Now that you’ve met Lew, let’s review what he brings to the Fearmongers. Firstly, he is the third Huckster 0 that only costs 3 GR. Lew has an influence advantage over Funtime Freddy, and a bullet advantage over Papa Marias, depending on what you need. Lew’s ‘Grift’ doesn’t demand Freddy’s ‘ultimate sacrifice,’ and allows you to search the top 6 cards of your deck for an abomination or mystical goods to start the game with. Note, however, that Lew must put any unkept cards back on top of the deck in the same order, rather than shuffle. This is not always a bad thing, as it allows you to exert some influence over that all-important initial lowball. If you see a full house or other high-ranking hand, you can break it up by taking a card. Forewarned is forearmed as they say, and Lew’s precognition can help you plan how to spend your initial ghost rock or plan your first day’s actions.

Beyond the corner case of fixing your starting lowball hand, Lew can snag variety of juicy targets. Prior to Welcome to Deadwood, there were 34 abominations for him to hunt, and another 18 non-Unique Mystical goods. Welcome to Deadwood adds three more abominations for Lew to procure, of which we’ve already met the New Varney Nosferatu and I’ll reveal the other two below. Note that our new grifter cannot grab Unique Mystical goods. Items such as Essence of Armitage, Magnum Opus Tenebri, and Stone Idol play well with abominations. By all means pack ‘em in your deck, just realize that Lew cannot find them for you.

You want this stuff, but it’s too rare for Lew to find.

Starting the game with at least one Mystical goods provides good synergy with several recent cards such as Bayou Vermilion Railroad, Vivene Goldsun, and Auntie Sinister hope to leverage an early Mystical goods. Don’t forget about our old friends, The Flying Popescus. This deck can swap out Papa Marias for Lew Esquilin and still use Bayou Vermilion Railroad to play a cheap Mystical goods each turn while impacting your opponent’s deeds. Lew helps ensure that the deck gets off to a good start, and you can add the recently spoiled Bad Beat to add additional economic pressure. Beyond that Lew can set up Abomination decks as well! He probably works best with cheap abominations, because you’re going to be putting them in your starting hand. The 3 value already has a few cheap abominations that we can steal from Anarchists, and Welcome to Deadwood has a new one to add to the mix:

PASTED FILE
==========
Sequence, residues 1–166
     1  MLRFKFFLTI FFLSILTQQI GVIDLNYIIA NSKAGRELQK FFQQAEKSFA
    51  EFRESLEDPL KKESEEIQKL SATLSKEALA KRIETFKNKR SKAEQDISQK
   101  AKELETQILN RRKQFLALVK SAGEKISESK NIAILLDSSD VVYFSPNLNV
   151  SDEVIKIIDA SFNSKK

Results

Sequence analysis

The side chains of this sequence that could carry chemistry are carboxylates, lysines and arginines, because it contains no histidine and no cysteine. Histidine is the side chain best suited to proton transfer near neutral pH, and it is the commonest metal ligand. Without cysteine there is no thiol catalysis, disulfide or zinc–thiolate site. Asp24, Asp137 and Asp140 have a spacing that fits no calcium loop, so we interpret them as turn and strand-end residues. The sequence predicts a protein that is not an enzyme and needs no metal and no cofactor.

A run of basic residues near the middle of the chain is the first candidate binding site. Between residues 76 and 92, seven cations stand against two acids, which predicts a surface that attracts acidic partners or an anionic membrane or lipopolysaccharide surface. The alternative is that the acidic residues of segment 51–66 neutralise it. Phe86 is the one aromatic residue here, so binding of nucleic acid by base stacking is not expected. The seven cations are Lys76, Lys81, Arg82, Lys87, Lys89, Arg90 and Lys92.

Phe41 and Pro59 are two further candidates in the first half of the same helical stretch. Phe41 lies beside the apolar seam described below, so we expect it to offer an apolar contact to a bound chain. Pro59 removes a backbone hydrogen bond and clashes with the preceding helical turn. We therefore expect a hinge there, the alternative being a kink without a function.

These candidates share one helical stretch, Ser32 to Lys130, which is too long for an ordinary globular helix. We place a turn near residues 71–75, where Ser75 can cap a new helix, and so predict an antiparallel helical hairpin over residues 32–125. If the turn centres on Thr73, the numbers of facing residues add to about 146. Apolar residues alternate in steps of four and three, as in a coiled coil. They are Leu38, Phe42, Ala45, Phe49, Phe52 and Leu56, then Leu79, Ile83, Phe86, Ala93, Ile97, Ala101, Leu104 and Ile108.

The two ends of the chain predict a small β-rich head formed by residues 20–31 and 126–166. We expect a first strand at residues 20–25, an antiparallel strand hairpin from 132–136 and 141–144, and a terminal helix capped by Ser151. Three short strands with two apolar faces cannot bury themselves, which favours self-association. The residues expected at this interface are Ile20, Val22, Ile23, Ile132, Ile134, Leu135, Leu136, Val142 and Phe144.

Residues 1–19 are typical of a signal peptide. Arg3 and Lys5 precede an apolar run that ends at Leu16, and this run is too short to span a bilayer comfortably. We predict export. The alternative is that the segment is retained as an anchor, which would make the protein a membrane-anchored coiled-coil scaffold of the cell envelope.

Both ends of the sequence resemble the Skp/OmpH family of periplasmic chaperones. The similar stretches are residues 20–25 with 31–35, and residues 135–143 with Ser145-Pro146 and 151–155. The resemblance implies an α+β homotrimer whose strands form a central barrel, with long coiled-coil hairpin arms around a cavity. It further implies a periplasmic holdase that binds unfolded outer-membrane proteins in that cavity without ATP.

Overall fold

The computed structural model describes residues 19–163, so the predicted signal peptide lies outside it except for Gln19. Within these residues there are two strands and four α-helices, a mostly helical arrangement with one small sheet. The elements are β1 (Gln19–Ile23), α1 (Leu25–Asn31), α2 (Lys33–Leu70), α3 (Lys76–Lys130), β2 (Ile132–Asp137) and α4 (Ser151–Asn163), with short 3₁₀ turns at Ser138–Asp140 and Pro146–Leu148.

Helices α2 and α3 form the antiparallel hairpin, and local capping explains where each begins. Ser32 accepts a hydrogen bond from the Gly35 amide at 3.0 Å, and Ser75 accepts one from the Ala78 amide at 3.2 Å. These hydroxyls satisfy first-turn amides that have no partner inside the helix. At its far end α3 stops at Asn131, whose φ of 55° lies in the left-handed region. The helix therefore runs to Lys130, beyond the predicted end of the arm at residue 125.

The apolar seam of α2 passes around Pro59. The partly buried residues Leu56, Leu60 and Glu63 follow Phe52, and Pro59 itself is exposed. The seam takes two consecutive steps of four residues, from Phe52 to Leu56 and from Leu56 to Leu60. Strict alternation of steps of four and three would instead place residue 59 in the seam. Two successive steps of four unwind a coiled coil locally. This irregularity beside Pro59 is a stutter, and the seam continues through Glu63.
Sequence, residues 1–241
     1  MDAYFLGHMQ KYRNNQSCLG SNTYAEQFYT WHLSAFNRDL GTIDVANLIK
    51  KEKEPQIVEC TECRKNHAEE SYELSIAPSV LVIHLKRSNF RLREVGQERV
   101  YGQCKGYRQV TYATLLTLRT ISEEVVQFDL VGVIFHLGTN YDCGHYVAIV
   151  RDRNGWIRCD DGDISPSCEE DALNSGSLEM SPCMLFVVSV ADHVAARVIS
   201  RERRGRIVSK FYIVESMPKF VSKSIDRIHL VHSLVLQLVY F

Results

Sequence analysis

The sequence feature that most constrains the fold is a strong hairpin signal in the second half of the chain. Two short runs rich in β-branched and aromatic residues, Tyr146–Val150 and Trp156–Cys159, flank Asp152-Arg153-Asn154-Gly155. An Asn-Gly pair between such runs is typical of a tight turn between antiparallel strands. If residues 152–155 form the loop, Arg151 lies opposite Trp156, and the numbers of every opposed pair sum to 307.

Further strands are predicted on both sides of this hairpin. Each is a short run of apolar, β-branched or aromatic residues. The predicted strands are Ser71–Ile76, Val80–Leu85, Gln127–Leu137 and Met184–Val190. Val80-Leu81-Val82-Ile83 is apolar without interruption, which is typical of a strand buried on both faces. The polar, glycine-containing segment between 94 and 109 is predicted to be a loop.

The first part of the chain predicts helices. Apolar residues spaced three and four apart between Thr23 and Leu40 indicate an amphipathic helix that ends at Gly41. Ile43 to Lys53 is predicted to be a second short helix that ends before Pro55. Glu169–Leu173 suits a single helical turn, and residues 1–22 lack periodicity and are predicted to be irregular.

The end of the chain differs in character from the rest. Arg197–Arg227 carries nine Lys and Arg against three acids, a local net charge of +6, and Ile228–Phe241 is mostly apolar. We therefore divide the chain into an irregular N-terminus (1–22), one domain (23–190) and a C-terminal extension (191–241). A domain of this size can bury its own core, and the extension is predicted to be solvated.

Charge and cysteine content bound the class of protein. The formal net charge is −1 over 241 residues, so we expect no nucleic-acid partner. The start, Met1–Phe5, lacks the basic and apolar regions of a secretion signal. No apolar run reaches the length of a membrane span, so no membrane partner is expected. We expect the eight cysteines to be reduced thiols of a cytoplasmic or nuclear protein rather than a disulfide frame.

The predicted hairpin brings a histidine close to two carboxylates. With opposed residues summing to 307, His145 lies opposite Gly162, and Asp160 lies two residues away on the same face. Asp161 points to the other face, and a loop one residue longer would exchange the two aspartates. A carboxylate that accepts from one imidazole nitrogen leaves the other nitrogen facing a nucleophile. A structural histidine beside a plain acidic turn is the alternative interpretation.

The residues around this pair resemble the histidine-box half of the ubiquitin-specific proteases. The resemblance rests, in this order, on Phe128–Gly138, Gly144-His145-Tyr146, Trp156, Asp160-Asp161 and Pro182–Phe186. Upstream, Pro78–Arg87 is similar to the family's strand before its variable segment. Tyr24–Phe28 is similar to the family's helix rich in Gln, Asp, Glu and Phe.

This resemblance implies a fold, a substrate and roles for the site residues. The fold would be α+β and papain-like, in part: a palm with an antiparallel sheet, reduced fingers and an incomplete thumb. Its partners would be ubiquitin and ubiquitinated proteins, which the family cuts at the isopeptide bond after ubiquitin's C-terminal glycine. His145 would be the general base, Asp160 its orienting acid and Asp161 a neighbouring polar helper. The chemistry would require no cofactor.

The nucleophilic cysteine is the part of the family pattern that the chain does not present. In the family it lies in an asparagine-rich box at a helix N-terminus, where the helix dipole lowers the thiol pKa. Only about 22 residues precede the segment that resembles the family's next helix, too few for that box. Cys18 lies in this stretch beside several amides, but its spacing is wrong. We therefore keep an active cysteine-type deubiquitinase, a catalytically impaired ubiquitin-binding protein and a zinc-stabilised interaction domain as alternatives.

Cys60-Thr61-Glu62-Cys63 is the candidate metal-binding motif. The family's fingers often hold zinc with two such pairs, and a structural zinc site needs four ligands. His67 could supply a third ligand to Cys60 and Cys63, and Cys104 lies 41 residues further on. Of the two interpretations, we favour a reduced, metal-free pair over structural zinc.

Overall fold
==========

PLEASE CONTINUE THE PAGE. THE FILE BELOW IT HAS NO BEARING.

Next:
Look at this thing! Paralysis Mark is BACK – well, not quite. However, here is another cheap abomination for Lew to find, and something to recur with cards like Ivor Hawley XP and Soul Cage.

I’ll leave you with the last of Welcome to Deadwood’s three new abominations. 

The Angler only costs 3 with 1 upkeep for a 0 Stud, can call out other 7s (Ambrose Douglas, Diego Linares, and Mariel Lewis all come to mind as potential hunting targets), as well as discarding a card to change his value (and thus his target!). Oh, and the Stone Idol and other value reducing cards let The Angler hook even high value dudes. Keep in mind what starters you are likely to see when building around The Angler, as they are the most likely dudes to be around to bump off.

Yes, it’s a good time to bring fear and loathing to your area. Welcome to Deadwood!

This concludes our Grifter articles for the upcoming Welcome to Deadwood expansion, available for pre-order through your FLGS or Pine Box Entertainment.

Play for Blood – Outlaw Grifters in Welcome to Deadwood

Play for Blood – Outlaw Grifters in Welcome to Deadwood

by David Lapp

In 2019, Pine Box Entertainment revived the Doomtown Badge Events. This included the Marshal round-ups at major conventions as a carryover from the AEG era of the game. PBE also introduced three new events: The Agent, Ranger, and finally Marshal of Tombstone for the major destination event in Tombstone itself. To coincide with these events, the cast of Saving Throw WildCards portrayed Doomtown characters in a three-part act known as the Twilight Protocol Trilogy (Act I linked). To thank the cast for their contributions to providing live fiction for the Weird West world of Doomtown set in 1882, Pine Box wanted to honor the cast’s characters from the original WildCards 5-season series on Twitch, by inserting them into the Doomtown game itself. This started in the expansion, ‘Hell’s Comin’ With Me,’ with the debut of Gabriel Prior. We even honored the Marshal himself with the Marshal Caves Callarman card. That left us with four remaining cast members, the next of which appears in ‘Welcome to Deadwood.’